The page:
Lesson #103: Disney Characters are Scary

On a recent trip to Florida I decided that I would take my son to Disney World for the day. For Riley, this idea comes with two clauses, that we would spend most of the time at Animal Kingdom and that we would do everything necessary to avoid all Disney characters. On any day other than Halloween, my son is afraid of people in costumes. “Why take him to DIsney World then?” you ask, well I suppose it’s because I would like to share with him the magic of Disney in hopes that it would help him overcome his sense of being stalked by what we like to refer to as “made up characters”.

You see it’s all about perspective. Henry David Thoreau summed it up beautifully by saying, “The question is not what you look at, but what you see.” When I go to Disney World, I see fantasy brought to life, faces full of wonder and awe (except for the occasional overstimulated, crying child and their frustrated/on the brink of losing it parents), I hear uplifting and happy music, and I take in the smell of candy and popcorn mixed with a myriad of other smells that are distinctly Disney, and I am at once happy. Then I look down at my 5 year old. His eyes are at the height of most peoples behinds so I would imagine he is not seeing what I see, he is grasping my hand and looking around for those fiendish characters so I am sure he is missing the melodies floating through the air, but I know he smells the popcorn so I offer some up as a distraction and because I feel guilty. What Riley looks at, from the perspective of a very literal 5 year old, is truly what he sees. I need to remind myself of that more often. He isn’t yet able to see through things to determine what is real and what isn’t, which is why kids at this age still believe in Santa or the Easter Bunny, or that a six foot Goofy is not just a person dressed up in a costume. I think that Disney World highlights the difference between a child’s and an adults point of view and it definitely reminded me that I need to put myself in my son’s shoes every once in a while.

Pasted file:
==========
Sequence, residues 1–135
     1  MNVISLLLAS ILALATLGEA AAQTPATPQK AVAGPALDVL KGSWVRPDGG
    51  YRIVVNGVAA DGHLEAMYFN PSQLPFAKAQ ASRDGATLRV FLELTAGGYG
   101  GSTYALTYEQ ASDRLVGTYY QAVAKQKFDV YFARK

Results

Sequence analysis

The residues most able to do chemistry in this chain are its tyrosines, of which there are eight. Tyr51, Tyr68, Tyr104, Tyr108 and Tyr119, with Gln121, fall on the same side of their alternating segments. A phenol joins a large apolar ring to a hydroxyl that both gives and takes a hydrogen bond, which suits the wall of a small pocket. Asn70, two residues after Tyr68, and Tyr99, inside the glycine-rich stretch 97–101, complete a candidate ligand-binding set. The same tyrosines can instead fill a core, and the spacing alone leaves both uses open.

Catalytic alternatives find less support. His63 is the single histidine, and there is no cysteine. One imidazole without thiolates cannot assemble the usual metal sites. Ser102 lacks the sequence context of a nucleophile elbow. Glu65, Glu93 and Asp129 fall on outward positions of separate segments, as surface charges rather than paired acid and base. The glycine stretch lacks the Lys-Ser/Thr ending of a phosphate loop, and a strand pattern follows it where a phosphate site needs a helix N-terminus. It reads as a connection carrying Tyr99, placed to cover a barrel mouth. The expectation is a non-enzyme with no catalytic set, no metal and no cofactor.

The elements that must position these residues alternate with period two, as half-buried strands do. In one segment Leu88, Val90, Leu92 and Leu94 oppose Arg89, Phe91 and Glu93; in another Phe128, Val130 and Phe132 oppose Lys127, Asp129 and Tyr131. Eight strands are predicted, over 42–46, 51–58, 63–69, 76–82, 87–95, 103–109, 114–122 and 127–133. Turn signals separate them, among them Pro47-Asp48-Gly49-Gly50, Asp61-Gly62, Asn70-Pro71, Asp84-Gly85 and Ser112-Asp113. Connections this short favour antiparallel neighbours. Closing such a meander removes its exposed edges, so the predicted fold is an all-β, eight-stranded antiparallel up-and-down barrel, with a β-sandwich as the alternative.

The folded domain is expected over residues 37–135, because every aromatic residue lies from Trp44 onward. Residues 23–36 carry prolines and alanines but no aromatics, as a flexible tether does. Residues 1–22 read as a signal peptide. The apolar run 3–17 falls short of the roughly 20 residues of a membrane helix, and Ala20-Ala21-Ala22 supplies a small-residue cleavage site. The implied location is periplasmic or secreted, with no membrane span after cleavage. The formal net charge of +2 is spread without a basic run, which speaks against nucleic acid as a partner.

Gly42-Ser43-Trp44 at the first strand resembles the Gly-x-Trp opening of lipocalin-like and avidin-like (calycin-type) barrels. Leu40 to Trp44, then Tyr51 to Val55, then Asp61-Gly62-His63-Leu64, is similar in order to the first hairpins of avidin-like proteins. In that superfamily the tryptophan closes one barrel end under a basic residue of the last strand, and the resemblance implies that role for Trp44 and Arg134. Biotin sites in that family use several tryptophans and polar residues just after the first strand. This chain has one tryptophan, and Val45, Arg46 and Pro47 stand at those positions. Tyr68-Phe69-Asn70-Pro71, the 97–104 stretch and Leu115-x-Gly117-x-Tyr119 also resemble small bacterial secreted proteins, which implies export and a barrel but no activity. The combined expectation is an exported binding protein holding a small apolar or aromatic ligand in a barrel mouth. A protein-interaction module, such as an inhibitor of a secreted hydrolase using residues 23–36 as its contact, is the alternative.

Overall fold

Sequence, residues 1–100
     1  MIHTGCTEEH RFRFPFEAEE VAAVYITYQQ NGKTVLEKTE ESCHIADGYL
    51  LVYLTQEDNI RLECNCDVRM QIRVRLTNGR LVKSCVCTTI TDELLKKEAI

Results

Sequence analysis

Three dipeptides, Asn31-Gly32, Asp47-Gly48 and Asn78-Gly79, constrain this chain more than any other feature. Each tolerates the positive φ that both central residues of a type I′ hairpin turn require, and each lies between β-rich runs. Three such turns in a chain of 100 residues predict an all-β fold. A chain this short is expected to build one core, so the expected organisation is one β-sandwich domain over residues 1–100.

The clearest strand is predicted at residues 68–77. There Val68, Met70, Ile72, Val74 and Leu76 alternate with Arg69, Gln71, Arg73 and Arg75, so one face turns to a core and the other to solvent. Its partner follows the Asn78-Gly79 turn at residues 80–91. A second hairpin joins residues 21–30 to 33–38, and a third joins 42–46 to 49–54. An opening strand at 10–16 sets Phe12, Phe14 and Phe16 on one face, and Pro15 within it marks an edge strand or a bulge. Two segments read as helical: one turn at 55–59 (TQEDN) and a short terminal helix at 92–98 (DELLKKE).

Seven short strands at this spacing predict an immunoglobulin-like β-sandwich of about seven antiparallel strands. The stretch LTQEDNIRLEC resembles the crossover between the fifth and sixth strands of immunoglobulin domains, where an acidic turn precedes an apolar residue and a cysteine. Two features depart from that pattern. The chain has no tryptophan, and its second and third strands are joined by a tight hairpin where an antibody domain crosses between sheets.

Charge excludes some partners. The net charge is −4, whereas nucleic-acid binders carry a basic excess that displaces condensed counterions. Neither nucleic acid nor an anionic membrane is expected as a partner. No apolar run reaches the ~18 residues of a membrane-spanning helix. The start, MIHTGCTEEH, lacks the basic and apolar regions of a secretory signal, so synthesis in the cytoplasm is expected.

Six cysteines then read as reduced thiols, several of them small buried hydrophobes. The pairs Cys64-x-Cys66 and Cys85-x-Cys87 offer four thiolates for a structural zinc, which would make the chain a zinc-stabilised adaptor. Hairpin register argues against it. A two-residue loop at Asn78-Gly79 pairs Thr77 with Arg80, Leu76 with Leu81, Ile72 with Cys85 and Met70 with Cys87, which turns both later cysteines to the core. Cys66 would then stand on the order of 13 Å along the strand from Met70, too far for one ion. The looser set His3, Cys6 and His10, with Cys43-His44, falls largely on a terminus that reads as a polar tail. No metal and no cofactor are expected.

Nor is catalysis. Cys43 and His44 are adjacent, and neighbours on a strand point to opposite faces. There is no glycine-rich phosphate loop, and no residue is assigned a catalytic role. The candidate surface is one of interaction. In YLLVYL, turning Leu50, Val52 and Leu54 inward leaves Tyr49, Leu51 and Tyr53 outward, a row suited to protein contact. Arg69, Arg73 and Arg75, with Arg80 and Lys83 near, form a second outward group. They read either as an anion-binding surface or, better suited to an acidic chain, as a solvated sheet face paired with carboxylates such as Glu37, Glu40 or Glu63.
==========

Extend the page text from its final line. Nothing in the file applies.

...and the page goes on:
So, instead of trying to reason with him regarding the characters, we avoided them. I picked him up every once in a while (he is quite big for a 5 year old) so that he could see over people enough to observe the beauty and wonder of Disney. And, because it was only one day, I let him eat whatever he wanted to help round out the experience. We left the parks that day with happy hearts. His was, of course, due to not seeing one Disney character and gaining a few souvenirs, and mine was because I let myself understand him and because of that we had a great day together. Perspective is a powerful thing.

Disney World 2010. The last photo we have of Riley with a character.

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